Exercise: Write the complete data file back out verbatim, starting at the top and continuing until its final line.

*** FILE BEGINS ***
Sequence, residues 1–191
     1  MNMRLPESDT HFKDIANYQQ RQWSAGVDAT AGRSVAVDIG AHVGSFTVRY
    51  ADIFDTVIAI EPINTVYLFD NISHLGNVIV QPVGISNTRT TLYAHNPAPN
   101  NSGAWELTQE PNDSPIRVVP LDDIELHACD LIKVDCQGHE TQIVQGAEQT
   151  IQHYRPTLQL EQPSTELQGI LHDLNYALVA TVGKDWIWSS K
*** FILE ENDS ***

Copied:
Sequence, residues 1–191
     1  MNMRLPESDT HFKDIANYQQ RQWSAGVDAT AGRSVAVDIG AHVGSFTVRY
    51  ADIFDTVIAI EPINTVYLFD NISHLGNVIV QPVGISNTRT TLYAHNPAPN
   101  NSGAWELTQE PNDSPIRVVP LDDIELHACD LIKVDCQGHE TQIVQGAEQT
   151  IQHYRPTLQL EQPSTELQGI LHDLNYALVA TVGKDWIWSS K